There are certain sights that are synonymous with the Faroe Islands. The puffins of Mykines, the cliffside lake of Sørvágsvatn, the waterfall at Gásadalur, and the cabin at Saksun. Seeing these places were on my list but they were not a high priority because I wanted to focus on spending my time showing parts of the Faroe Islands less known. However on our 4th day on the islands we had a free evening and decided to drive to Saksun to photograph the cabin at sunset. As we drove past the church and pulled up to road we hit a dead end. The road ended at a private driveway of a farmhouse.
We could see the cabin from the road but saw no route to get there without jumping over a clearly marked fence and crossing a few fields. I noticed a man near the farmhouse and asked where the access to the cabin was to take a photograph. His answer was quick and polite, “This is private property, photography is not allowed.” Adrian, Peter, and I were all disappointed. We discussed what to do. Our schedule was extremely tight and did not know if we would make it back to Saksun, this could have been our only chance. Despite that, we all came to the same conclusion, it was not worth trespassing to take a picture. There was however a solution to our predicament. We had to find the owner, explain my project, and get permission to be on the property. Elin was my local contact who I consulted with any logistics issues I could not solve myself. I asked her with urgency, “Find the owner of this cabin and ask if I can photograph the property and sit for a portrait.” Four days had gone by without any luck and we were feeling pretty glum about it - but on the fifth day, Elin sent me a text. She had found the owner and had arranged a time the following evening to meet. Not a moment too soon as we were schedule to depart two days later.
When we arrived the next day, much to my surprise we were greeted by the same man who turned us away days earlier. He recognized us and we shared a good laugh. Dávur guided us past the farm house on a small footpath, barely noticeable except for the flattened grass. He explained why he turned as away that first night. The past few years year have shown steady growth in tourists and it is starting to affect the inhabitants of the village. People are always coming to the cabin, trespassing, trampling the grazing land, damaging fences, but the biggest issue is the invasion of privacy. It is an issue that Dávur only has to deal with in the summer when he is in town. However, Johan Jógvansson, who owns the farm where the cabin is on has to deal with tourists, bloggers, photographers all year round. Often times they have no regard for his families privacy, willfully ignoring fences and signage. Indeed it is little unsettling to see someone skulking outside your window. Dávur said we were probably the only people who have ever asked for permission.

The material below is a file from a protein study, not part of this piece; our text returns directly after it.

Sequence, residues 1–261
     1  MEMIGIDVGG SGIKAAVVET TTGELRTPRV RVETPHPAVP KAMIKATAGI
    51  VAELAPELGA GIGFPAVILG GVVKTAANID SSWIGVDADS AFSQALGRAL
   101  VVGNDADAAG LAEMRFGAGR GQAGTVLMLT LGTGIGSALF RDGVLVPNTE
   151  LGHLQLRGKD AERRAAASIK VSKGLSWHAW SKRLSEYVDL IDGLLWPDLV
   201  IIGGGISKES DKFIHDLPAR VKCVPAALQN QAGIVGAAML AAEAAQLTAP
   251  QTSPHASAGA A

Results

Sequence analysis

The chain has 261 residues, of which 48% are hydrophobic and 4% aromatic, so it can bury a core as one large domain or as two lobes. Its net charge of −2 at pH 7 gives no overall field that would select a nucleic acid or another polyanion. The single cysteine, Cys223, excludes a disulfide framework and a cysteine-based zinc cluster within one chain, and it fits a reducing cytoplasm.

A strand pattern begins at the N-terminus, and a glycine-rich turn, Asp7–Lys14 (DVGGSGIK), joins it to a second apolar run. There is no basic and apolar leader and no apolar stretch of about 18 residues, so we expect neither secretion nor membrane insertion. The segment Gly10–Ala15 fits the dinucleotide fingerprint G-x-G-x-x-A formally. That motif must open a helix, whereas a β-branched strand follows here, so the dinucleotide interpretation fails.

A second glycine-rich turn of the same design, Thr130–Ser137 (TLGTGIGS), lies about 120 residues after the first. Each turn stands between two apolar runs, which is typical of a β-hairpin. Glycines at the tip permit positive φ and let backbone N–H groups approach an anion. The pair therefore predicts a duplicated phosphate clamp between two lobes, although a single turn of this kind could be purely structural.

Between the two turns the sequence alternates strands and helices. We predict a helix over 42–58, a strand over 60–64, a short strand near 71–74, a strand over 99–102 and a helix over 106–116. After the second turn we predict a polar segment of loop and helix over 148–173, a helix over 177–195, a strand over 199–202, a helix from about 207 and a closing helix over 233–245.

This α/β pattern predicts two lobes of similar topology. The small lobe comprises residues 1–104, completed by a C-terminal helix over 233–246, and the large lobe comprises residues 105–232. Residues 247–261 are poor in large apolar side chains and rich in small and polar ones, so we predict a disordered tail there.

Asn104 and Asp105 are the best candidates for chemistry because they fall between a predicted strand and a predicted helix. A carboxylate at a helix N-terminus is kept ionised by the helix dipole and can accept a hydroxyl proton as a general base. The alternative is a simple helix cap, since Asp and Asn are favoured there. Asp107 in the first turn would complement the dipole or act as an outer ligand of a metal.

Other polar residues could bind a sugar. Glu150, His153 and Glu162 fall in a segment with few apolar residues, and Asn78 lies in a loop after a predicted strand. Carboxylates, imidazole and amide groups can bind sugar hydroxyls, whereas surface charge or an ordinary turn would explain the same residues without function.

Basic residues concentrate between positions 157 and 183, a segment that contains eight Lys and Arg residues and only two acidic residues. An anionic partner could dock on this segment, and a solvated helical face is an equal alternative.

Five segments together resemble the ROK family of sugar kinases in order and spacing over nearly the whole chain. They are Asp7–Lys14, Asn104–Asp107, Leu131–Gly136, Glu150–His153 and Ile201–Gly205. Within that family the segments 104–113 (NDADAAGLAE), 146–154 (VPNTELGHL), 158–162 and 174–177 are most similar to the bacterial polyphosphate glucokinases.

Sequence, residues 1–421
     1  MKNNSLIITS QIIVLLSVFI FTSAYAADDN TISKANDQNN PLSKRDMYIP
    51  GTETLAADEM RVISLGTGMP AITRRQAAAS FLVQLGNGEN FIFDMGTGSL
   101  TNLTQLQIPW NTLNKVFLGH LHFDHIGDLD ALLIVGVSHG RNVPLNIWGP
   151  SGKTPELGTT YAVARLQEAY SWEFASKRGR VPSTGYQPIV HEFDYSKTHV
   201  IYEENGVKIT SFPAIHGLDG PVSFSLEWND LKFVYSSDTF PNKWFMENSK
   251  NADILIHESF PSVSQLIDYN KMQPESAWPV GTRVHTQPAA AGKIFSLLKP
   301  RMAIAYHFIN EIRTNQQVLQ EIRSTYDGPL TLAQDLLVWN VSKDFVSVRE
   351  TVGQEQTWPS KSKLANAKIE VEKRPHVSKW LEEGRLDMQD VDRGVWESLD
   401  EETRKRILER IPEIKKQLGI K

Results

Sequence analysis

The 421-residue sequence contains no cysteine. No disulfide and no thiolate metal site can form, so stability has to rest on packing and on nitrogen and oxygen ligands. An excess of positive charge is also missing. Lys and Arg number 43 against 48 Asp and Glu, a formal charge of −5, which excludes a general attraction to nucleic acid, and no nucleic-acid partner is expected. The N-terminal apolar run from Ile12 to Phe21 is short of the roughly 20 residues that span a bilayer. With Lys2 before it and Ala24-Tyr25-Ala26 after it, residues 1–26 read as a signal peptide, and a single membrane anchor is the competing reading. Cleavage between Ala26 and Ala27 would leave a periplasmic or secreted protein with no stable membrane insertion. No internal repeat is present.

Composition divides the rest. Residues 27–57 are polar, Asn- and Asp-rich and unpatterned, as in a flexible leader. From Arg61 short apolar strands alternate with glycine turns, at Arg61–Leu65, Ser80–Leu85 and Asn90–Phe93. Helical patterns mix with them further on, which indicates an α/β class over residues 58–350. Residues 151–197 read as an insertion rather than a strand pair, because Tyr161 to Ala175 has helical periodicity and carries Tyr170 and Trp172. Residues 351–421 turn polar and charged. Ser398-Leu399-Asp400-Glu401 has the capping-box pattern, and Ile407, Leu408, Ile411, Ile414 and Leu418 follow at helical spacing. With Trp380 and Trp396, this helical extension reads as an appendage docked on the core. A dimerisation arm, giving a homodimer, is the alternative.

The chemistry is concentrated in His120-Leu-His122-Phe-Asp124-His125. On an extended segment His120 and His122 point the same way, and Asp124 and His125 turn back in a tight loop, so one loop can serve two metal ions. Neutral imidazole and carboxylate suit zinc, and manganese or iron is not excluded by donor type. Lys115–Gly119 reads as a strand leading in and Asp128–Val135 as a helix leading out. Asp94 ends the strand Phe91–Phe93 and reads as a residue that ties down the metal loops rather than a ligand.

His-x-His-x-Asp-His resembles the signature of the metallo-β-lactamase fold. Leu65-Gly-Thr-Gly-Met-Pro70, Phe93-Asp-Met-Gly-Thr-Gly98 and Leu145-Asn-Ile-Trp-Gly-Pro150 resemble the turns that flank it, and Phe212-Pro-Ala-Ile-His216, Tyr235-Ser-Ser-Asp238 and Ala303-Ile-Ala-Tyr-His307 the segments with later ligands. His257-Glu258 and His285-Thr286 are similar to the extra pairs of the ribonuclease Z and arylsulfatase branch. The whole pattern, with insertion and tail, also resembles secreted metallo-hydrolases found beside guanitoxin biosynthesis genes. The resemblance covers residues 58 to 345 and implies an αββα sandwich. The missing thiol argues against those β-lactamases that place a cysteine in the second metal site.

Dávur’s family has long had a connection to the land. Nearly 25 square km in size the farm is where his great-grandfather and raised 10 children, many of whom left Saksun pursing other careers outside of agriculture. The cabin was built in 1951, by Dávur’s grandfather (also named Dávur). His grandfather was an pharmacist in Denmark and married a Danish woman, but longed to return home to the Faroe Islands. His wife said she would move if he could fulfill one condition, that he build her a summer cabin in Saksun. She was a very smart woman, and Dávur did as she asked. The family gave up ownership of the farm as none of the heirs became farmers, but they retained possession of the cabin. Access to the cabin is through the property of the farm, now under the stewardship of Johan Jógvansson who the family retains close ties with.
Based in Glasgow, Dávur is the Principal Trombone at the Royal Scottish National Symphony. Great memories growing up in the Faroe Islands keep him coming back any chance he gets. Sailing, hiking, camping, fishing, even working on the farm are among the activities he enjoys. When he is in town during the summer, he plays concerts together with the people who gave him the initial spark to become a musician. They play all over the Islands; in caves, on beaches, grottos, between mountains, as well as the occasional concert halls.
Dávur belongs to a generation of Faroese, who grew up in a time where the economy was tough and opportunities were limited. It forced many young people to move away and seek careers abroad. This generation of expatriates long to return home but are torn about leaving the successful lives and careers they have built. A sentiment that I am able to relate to closely. Dávur pulled a bottle of scotch from the hidden floorboard storage compartment and we sat by the window. The deep orange sunlight pierced through the clouds, and filled the room. Not only did i get to photograph the cabin at sunset, I did it with the added bonus of enjoying a single malt and entertaining company. Although the family is continually getting offers from people interested in renting the cabin or buying it but they have no interest in any such arrangements. This summer cabin is a sanctuary where they can spend their time escaping the hectic hustle of their lives in the city. It will remain something just for them and a mystery for all those outside looking in.